In my post about how to write 365 songs in a year, I talked about the fact that I’m not a strong sight-reader. I’m fairly well-versed in music theory, and I’m pretty good at figuring out songs and riffs by ear, but reading sheet music simply hasn’t been one of my fortes.
However, recent events have inspired me to start learning again. In this post, I’m going to take a look at what it means to sight-read as a guitarist, and why I’m developing my sight-reading ability.
Sight-Reading as a Guitarist
I don’t think most guitarists put a high priority on reading sheet music. Guitar tablature is far easier to understand, and while the medium does have a few limitations (it typically does not notate rhythm), finger positions are enough to get most guitar players oriented in the right direction.
However, being able to read does have its advantages.
One of the first places I employed my guitar playing ability was in church settings. From traditional to modern, every church is a little different, but the church I first played in was fairly conservative. And that meant that they played by the book. Literally. Though I wasn’t particularly good at sight-reading at the time, I had always felt that it would have benefitted me.
Additionally, you can’t find tab for everything. A site like Ultimate Guitar does have a growing database, and you can find interpretations for most popular songs, but even if you do find what you’re looking for, there is no assurance that the interpretations are actually correct. Moreover, sometimes sheet music does a far better job of conveying the feel of any given song.
The Upside of Tablature
I don’t think anyone would argue that a standout guitarist has a good ear, knows how to read music and tab, and is also creative enough to be able to come up with his or her own parts. Very few can. That’s why those who can stand out.
While I do think there is merit to music education and classical training, it doesn’t always produce well-rounded musicians.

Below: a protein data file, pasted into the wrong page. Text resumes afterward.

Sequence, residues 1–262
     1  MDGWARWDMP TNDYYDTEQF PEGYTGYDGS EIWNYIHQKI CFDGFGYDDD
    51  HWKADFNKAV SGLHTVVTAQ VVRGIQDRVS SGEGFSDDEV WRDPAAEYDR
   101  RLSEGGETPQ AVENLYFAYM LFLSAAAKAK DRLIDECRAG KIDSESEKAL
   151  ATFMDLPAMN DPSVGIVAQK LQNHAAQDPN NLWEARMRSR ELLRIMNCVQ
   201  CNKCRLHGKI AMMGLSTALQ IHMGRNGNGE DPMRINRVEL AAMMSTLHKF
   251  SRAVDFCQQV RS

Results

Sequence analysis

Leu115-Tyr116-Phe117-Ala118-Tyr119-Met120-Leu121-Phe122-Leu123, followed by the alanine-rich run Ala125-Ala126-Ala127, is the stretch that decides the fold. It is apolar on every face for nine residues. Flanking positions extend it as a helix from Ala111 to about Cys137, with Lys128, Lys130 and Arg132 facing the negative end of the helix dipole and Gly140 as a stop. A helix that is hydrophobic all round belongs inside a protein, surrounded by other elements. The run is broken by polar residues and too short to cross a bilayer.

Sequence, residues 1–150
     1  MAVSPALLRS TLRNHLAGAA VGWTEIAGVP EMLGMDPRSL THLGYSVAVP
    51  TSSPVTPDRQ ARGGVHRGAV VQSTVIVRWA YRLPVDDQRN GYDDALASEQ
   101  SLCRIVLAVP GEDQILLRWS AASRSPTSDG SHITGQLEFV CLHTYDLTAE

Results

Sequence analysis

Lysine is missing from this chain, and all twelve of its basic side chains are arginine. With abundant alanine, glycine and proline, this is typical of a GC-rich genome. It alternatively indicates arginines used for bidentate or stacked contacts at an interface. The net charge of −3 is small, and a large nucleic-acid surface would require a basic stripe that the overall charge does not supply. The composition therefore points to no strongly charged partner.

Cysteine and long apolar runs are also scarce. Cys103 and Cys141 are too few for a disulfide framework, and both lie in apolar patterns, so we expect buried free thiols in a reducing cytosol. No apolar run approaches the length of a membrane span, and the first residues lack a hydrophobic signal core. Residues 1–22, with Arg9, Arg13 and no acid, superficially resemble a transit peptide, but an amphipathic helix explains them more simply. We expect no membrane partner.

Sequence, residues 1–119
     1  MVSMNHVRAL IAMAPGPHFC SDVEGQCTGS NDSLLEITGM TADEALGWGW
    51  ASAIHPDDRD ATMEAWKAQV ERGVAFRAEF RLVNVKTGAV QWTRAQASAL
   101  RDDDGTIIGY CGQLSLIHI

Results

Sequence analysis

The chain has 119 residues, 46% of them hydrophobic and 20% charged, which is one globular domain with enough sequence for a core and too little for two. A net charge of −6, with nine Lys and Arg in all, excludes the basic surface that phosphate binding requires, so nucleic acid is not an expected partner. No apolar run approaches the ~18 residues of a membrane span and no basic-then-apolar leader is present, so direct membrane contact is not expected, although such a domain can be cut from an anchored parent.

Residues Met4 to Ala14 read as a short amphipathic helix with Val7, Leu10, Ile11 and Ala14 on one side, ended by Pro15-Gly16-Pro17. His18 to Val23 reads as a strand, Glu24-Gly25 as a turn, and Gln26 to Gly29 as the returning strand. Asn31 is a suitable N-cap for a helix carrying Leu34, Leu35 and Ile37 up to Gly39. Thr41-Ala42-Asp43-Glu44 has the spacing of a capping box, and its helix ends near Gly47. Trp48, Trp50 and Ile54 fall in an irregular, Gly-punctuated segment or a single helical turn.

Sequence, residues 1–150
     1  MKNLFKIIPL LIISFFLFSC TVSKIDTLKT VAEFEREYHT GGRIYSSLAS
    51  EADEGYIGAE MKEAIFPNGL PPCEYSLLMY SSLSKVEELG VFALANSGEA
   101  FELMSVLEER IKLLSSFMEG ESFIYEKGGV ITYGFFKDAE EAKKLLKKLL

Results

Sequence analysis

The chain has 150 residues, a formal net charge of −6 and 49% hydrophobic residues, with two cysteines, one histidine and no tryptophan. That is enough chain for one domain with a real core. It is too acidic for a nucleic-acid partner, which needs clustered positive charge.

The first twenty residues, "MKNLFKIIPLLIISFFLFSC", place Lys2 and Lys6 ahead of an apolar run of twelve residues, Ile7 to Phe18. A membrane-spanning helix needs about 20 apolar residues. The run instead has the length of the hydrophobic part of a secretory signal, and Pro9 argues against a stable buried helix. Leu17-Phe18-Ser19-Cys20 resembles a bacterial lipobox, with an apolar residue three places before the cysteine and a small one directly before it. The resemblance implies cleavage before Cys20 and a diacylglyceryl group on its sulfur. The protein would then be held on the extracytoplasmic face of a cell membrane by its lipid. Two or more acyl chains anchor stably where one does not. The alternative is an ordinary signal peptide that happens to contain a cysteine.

Maybe you’ve seen The Eagle’s Hell Freezes Over DVD in which Don Henley laments the orchestra’s inability to play with “feeling”.
I’ve also performed with trained pianists that didn’t know how to play dominant seventh chords. Imagine! It’s just a major chord with a flatted seventh in it. I later found out that they refer to them as “diminished chords”. Hmm…. how do I tell them to play a diminished chord then?
My point is not that trained musicians are inferior. Not at all. It takes intense dedication to learn classical pieces and music theory.
However, there is an upside to tab. It tends to facilitate individual creativity. It gives guitarists a chance to explore their inventiveness. Isn’t art supposed to be creative, after all?
Why I’m Learning to Sight-Read (Again)
Regardless of what excuses I may have used in the past to justify my inability to read well, I am setting that aside to stretch myself.
The primary reason I felt the need to brush up on my reading ability is because I’ve started teaching again. While most teachers do work with beginners (I often find myself substituting for other teachers lately), there are always a few standout students who have taken it upon themselves to supplement their lessons and learn on their own.
Personally, I think that’s the only way you will become a great guitarist. You have to be willing to go beyond what your teacher showed you within the confines of a 30 minute lesson.
But I digress. Even though there are very few students who are as technically capable as I am (and I say that humbly), they may read better than I do. That’s not a good thing when you’re trying to teach them, so I’ve decided that I want to stop faking it.
I have also been inspired by numerous videos (like the one below) that elucidate the importance of learning to read.
Interestingly enough, since moving, I’ve become a better sight-reader, without even working at it. I’ve been delving into my book in my spare time, and I am progressing at a faster rate than ever before.
It has often been said that you tend to lose whatever you don’t work on, but I usually find the opposite to be true.
The less mind clutter I have, the more focus I can give to something, the more consciousness and awareness I bring into my life, the more ready I am to absorb information and learn from it.
It has also been said that people become less teachable with time. Not so. You can control how teachable you are.
So, if you’d like to join me on this quest to becoming a better sight-reader, here is the book I am currently working through:
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